DET1 complexes control photomorphogenesis by acting at the interface between light signaling and epigenome dynamics
|演題||DET1 complexes control photomorphogenesis by acting at the interface between light signaling and epigenome dynamics|
|講演者||Dr. Vicente Rubio (National Center for Biotechnology (CNB), Madrid, Spain)|
|場所||Bio Large Seminar Room|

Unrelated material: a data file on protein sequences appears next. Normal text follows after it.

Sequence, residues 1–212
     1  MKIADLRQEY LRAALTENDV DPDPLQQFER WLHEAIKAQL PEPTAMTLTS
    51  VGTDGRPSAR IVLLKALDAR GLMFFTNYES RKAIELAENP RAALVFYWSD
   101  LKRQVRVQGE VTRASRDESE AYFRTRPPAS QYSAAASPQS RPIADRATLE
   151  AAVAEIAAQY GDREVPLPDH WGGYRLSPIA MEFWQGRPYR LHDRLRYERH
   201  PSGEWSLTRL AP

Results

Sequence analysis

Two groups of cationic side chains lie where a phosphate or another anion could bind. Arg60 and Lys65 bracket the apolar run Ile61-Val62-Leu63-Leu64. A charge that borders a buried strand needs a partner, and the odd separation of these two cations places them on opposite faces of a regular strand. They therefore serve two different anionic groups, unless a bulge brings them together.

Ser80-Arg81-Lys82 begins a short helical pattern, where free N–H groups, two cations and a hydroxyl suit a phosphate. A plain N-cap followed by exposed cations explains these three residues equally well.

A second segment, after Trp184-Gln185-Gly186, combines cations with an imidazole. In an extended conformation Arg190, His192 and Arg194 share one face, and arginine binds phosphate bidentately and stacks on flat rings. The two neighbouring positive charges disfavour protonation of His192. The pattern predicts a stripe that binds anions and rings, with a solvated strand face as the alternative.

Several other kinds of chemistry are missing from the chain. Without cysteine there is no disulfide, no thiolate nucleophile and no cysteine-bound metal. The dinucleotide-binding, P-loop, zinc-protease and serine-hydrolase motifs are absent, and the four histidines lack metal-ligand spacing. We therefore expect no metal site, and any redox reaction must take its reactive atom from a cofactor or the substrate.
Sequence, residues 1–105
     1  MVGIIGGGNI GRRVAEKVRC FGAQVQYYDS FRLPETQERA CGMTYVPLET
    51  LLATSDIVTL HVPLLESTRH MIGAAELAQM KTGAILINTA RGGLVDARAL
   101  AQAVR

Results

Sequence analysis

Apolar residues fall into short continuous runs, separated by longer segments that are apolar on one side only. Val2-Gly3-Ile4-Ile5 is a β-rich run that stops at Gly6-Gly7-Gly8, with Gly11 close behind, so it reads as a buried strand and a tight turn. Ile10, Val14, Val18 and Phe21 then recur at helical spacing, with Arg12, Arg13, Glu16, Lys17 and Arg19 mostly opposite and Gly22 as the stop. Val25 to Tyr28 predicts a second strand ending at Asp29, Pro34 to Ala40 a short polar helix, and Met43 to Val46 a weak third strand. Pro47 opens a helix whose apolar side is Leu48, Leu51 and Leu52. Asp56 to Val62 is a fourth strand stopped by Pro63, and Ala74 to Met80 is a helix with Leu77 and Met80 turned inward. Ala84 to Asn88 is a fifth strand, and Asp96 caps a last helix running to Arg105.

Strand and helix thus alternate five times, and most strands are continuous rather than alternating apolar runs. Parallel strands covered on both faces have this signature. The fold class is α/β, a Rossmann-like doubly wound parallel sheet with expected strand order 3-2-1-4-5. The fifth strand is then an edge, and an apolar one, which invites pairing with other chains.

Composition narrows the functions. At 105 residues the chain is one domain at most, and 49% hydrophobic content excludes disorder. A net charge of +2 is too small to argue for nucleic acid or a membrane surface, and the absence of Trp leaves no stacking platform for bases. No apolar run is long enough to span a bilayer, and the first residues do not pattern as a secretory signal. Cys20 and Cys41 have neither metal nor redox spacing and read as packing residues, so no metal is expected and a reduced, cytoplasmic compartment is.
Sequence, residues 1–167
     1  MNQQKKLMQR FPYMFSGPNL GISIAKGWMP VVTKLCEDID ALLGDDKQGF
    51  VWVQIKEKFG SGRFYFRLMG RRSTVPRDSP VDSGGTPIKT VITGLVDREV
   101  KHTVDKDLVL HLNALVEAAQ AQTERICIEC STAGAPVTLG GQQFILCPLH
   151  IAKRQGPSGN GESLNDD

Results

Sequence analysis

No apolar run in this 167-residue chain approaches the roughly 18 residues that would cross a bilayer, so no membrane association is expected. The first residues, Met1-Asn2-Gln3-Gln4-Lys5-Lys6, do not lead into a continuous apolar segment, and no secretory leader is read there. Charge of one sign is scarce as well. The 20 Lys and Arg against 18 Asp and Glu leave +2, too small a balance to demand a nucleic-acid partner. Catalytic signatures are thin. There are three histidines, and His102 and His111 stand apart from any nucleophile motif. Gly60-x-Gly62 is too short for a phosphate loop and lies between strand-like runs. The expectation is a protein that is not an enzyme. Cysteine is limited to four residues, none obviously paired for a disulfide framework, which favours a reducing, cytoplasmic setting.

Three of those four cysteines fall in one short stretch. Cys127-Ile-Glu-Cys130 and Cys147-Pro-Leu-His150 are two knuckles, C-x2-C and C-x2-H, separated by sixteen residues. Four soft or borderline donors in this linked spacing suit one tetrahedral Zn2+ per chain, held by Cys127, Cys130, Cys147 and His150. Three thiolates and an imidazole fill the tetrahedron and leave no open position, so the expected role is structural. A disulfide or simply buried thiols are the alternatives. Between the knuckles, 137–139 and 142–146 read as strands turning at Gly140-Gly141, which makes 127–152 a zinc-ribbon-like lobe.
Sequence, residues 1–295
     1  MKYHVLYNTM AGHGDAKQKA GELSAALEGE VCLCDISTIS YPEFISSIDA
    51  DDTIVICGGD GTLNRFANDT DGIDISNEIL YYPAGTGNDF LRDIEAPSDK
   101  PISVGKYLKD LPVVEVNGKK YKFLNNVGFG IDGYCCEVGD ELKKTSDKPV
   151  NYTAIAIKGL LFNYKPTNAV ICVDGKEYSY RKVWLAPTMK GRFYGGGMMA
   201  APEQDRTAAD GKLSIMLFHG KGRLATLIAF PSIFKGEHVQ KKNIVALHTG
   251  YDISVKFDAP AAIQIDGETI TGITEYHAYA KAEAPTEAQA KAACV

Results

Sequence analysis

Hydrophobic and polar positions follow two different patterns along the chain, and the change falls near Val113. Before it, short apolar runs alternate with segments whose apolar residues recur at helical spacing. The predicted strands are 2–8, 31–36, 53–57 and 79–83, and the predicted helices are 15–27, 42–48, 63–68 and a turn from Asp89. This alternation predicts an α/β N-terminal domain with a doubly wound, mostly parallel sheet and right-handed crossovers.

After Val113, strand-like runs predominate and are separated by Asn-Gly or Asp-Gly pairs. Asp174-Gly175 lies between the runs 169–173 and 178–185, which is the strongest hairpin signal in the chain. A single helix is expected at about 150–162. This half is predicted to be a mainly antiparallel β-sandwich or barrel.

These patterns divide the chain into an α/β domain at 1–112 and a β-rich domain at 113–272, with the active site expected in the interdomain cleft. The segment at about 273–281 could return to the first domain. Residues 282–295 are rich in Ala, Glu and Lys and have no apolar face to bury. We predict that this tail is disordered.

A light-induced switch of plant development, called photomorphogenesis, involves huge transcriptional reprogramming. It requires fine control of specific transcription activators and chromatin marks that facilitate Polymerase II (Pol II) progression, as well as intense protein turnover via the ubiquitin-proteasome system. DE-ETIOLATED1 (DET1) is an atypical DDB1-CULLIN4 Associated Factor (DCAF) that, together with DDB1, COP10 and DDA1, constitutes a substrate adaptor module of CUL4 E3 ubiquitin ligases. The evolutionarily conserved complexes control the stability of cell proliferation factors in animals or circadian and photomorphogenesis regulators in plants. However, the exact mechanism by which DET1 affects the stability of these regulators and controls transcription remains largely unknown. Previous work showed that Arabidopsis DET1 displays high binding affinity for histone H2B, but the molecular and physiological consequences of that binding remained elusive. We found that det1-1 plants display defects in H2B monoubiquitination (H2Bub) and dramatic alterations in gene expression. The DET1-associated protein DDA1 directly interacts with SGF11, a member of an H2Bub deubiquitination module (DUBm). Besides SGF11, this atypical DUBm comprises UBP22 and ENY2 proteins, putative orthologues of yeast Sgf11, Ubp8 and Sus1, respectively, and appears to act independently from SAGA in the absence of a plant Sgf73-like subunit. In part through light-dependent degradation of a H2Bub deubiquitination module, DET1 controls H2Bub homeostasis and transcriptional outputs. Consistent with this, sgf11 and ubp22 mutations ameliorate the det1-1 defects in H2Bub, gene expression and photomorphogenesis. Our findings support a model in which H2B ubiquitination and deubiquitination dynamics impact photomorphogenesis by regulating transcription through progression of Pol II. Collectively, our studies gain insight into the mechanisms by which the evolutionarily conserved protein complexes controlling global H2Bub levels mediate developmental responses to external cues in plants. Park J et al, (2018) Proc Natl Acad Sci USA 115: E5400-E5409. doi: 10.1073/pnas.1721241115. Cardona-Lopez et al, (2015) Plant Cell 27: 2560-2581. doi: 10.1105/tpc.15.00393. Irigoyen et al, (2014) Plant Cell 26: 712-728. doi: 10.1105/tpc.113.122234.